Archive for the ‘Lobster’ Category

SOUNDTRACK: COMING 2 AMERICA, SOUNDS OF ZAMUNDA-Tiny Desk (Home) Concert #179 (March 10, 2021).

I thought that this name meant that it was the soundtrack for the movie.  But no, this release highlights

the new compilation Rhythms of Zamunda: Music Inspired By Coming 2 America.

Tenuous connection to the movie, perhaps, but the results are great:

six artists representing four countries in Africa perform a megamix of selections from the project. Each performance from the pan-African project bridges the distance between the countries and cultures.

The songs jump back and forth to different locations

In addition to the sweeping range of the showings, the look of each set is stunning: vibrant, opulent colors; meticulous Tiny Desk shelf recreations; gorgeous African artifacts; and a few nuggets dedicated to King Akeem of Coming 2 America.

The majority of the songs are filmed in South Africa.

South Africa’s Nasty C — who’s arguably the biggest rapper on the continent — opens the set and trades verses with Tiny Desk alumni Ari Lennox on “Black and White.”

The set looks like the original Tiny Desk Room with cluttered bookshelves.  I like the lines where Nasty C pauses before saying the last word.  Ari Lennox’s vocals are really great.  Fundile “FD” Dlamini plays drums while Christer Kobedi and Vaughan Fourie play keys.

He then sends us over to Cameroon for some Afrobeats flavor, courtesy of Locko and his stripped-down version of “Magnet.”

His book-filled room is also a nice backdrop.  I enjoyed this song more than the previous because of all the instrumentation–drums (Marc Nzana), guitar (Benjamin Mouangue Bossamo), cool bass (Joel Parfait Ondigui) and even a violin (Martien Oyono).  Brice Essomba fleshes out the songs on the keys.

We then circle back around to South Africa to hear from R&B newcomer Ricky Tyler.

It’s the same set as Nasty C, but this time with a full band.  There’s deep bass from Tendai “Shoxx” Shoko and soft guitars from Innocent Mzizi.  The keys from Zādok float throughout grounded by drums from Tino “Beatboy” Damba.

From there, we head north to Nigeria to do the “Jiggy Bop” with Alpha P.

Alpha P is lounging on a zebra bean bag chair.  Then his hype man (David Osang?) gets everyone going and then comes a seriously funky bass from Ayodele Agbabiaka Oluwasegun.  Rocking guitars from Best Amakhian and rocking drums from Ebenezer Olayinka really power this fun dancey jam.  Olabiyi Julius sprinkles melodies from the keyboards throughout.  The backing vocalists (Agu Chinyere Gift, Tosin “SDK” Tade, Femi Jacobs) keep the song flowing nicely.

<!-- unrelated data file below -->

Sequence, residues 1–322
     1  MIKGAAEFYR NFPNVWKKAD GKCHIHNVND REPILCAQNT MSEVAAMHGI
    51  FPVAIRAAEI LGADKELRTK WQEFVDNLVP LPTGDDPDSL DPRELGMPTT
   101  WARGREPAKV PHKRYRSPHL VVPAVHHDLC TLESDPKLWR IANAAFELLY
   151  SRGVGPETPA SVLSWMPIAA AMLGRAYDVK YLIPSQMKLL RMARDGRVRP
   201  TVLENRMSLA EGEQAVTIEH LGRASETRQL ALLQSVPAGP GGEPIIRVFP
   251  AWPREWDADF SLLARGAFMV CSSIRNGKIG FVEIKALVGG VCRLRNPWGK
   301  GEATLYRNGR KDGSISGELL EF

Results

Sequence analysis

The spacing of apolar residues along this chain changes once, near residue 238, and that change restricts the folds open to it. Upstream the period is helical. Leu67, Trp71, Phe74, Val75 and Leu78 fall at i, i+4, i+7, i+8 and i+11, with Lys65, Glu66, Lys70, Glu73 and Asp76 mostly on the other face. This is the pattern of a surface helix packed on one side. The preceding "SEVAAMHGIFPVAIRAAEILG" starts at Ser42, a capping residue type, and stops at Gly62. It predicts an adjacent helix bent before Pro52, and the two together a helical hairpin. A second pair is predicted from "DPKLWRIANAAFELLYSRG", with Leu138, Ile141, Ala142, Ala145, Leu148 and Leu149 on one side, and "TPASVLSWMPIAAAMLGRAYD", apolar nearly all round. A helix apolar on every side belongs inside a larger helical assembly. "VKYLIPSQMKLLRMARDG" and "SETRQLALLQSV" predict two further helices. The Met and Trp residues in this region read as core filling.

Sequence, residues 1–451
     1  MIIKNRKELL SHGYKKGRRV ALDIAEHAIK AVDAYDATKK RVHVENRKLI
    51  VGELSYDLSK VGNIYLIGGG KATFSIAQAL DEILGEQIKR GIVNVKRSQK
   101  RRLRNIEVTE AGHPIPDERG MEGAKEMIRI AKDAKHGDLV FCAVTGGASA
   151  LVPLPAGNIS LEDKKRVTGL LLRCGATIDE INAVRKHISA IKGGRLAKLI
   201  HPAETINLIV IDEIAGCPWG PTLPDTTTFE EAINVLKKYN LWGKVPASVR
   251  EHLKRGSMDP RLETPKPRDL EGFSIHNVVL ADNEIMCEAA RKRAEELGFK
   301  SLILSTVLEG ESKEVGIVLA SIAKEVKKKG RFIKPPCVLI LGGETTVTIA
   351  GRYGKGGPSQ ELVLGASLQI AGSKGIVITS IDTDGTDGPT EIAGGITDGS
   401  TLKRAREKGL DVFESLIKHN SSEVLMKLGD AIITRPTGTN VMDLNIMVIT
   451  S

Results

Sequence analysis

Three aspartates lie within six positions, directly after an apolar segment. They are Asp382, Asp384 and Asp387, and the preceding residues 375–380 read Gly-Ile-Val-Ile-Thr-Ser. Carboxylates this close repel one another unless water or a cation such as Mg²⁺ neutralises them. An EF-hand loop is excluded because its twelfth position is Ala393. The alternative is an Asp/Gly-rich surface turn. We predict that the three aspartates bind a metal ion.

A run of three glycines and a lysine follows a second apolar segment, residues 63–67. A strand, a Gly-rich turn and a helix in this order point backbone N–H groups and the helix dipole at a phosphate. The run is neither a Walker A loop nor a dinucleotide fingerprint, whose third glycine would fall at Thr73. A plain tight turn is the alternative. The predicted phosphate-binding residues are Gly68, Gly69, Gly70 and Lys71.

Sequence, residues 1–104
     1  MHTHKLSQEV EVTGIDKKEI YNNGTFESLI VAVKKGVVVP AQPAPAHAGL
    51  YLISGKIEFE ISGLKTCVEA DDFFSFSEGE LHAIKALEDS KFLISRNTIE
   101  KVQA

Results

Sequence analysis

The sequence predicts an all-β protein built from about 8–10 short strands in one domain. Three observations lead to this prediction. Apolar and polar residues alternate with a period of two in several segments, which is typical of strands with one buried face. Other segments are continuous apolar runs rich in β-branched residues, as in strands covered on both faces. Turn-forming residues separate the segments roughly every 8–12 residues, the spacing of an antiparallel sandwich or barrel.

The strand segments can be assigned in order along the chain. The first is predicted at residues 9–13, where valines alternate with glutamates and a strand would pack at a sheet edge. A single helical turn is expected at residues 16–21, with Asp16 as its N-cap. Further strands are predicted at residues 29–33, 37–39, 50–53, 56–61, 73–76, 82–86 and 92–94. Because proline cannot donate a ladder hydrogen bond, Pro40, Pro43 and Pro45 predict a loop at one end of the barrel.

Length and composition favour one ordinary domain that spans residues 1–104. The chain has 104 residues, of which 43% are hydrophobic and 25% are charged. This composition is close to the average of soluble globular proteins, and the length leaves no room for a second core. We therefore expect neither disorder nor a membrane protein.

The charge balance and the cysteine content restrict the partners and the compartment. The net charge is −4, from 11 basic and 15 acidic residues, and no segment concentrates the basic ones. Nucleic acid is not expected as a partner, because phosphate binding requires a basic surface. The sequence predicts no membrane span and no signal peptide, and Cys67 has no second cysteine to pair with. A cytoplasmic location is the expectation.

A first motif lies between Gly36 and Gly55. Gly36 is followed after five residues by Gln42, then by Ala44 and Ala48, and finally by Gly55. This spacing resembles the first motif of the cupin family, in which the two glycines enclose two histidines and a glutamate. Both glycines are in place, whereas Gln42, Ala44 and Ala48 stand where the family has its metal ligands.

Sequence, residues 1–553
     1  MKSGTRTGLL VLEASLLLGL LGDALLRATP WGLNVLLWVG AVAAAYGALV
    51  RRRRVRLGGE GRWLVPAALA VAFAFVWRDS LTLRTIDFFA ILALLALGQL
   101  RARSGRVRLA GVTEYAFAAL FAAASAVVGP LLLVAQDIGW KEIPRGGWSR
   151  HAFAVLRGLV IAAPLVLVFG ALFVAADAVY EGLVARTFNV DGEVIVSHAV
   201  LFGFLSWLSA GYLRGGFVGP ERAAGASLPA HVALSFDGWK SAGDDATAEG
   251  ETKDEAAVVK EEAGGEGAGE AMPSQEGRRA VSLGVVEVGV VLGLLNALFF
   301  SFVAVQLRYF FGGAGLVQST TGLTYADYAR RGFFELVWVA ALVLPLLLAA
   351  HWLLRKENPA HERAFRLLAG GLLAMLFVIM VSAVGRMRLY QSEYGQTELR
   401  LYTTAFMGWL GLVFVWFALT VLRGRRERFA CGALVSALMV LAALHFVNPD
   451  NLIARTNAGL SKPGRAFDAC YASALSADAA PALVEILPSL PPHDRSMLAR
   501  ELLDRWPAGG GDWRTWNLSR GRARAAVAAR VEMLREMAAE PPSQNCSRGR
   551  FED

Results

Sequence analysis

Then it’s back to that original set as

we take one last trip to South Africa for award-winning dance DJ and producer Prince Kaybee’s “Fetch Your Life,” featuring Msaki.

I haven’t heard of Msaki but her voice is really beautiful.  Prince Kaybee lays down a thumping ground track (while wearing one glove to twist the knows).  There’s a cool guitar solo from Zādok (who returns to show off his multi-instrumental skills) and gentle keys from Fundile “FD” Dlamini.  Like with the other songs, the thumping bass, this time from Katleho Motlatla really grounds the song.

Finally, Togo duo Toofan dares us not to dance to “Yé Mama.”

This song has a great island feel with lots of percussion (Therence Egue), grooving bass (Martin Lawson) and vocals from Barabas and Masta Just in French.  When Lionel Adjovi plays his guitar licks you can really hear where Paul Simon got the tunes for Graceland.  Paul Akakpo keeps the sound full on the keys while Sylvie Akpedjo and Lamabara Paul provide backing vocals.

This is a pretty great introduction to music from all over Africa.

[READ: March 31, 2021] “Choke”

The September 3, 2007 issue of the New Yorker contained several essays by their writers about the subject “Family Dinner.”

Anthony Lane was in France on a student exchange program.  The family he stayed with was wonderful.  Until they dropped an artichoke on his plate.  It steamed with the promise of pure malice.

Can you imagine a food less appetizing than one that possessed: “bristles, bottom and choke.”

The family watched him in bemused delight as he tried not to look like a an irredeemable hick–not knowing what to do with this hand grenade

He watched Madame rip off a spiky leaf, dip it into butter and then eat the inside.  He followed suit and felt like Tigger eating one of Eeyore’s thistles. (more…)

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SOUNDTRACK: THEODORE-Tiny Desk Concert #842 (April 17, 2019).

I recall NPR’s SXSW coverage last year in which they raved about Theodore (and then ran into him walking the street while they were recording their nightly dispatch) and his beguiling music.

Theodore is a Greek composer/performer who is fairly difficult to search for online.  I was really surprised but quite intrigued to see that he now had a Tiny Desk Concert.  And what a Concert!

He plays three songs that last nearly 19 minutes and they are full of twists and turns with great instrumental passages and incredible sounds from all of the instruments.  Whether it is thanks to Theodore’s own set up or the Tiny Desk crew, the sound quality is amazing.

He began with “Disorientation” which

explores the complete loss of inner direction as Theodore examines his inner dualities in search of clarity and, perhaps, new ways to look at the world.

“Disorientation” begins with a terrific throbbing bass from Nikolas Papachronopoulos and occasional guitar notes from Emmanouil Kourkoulis or Ioannis Lefas (not sure who is who).  Theodore starts singing in his husky voice.  After a verse he adds some keys and then just as suddenly the whole band kicks in–drums and soaring guitars which all drop away just as suddenly.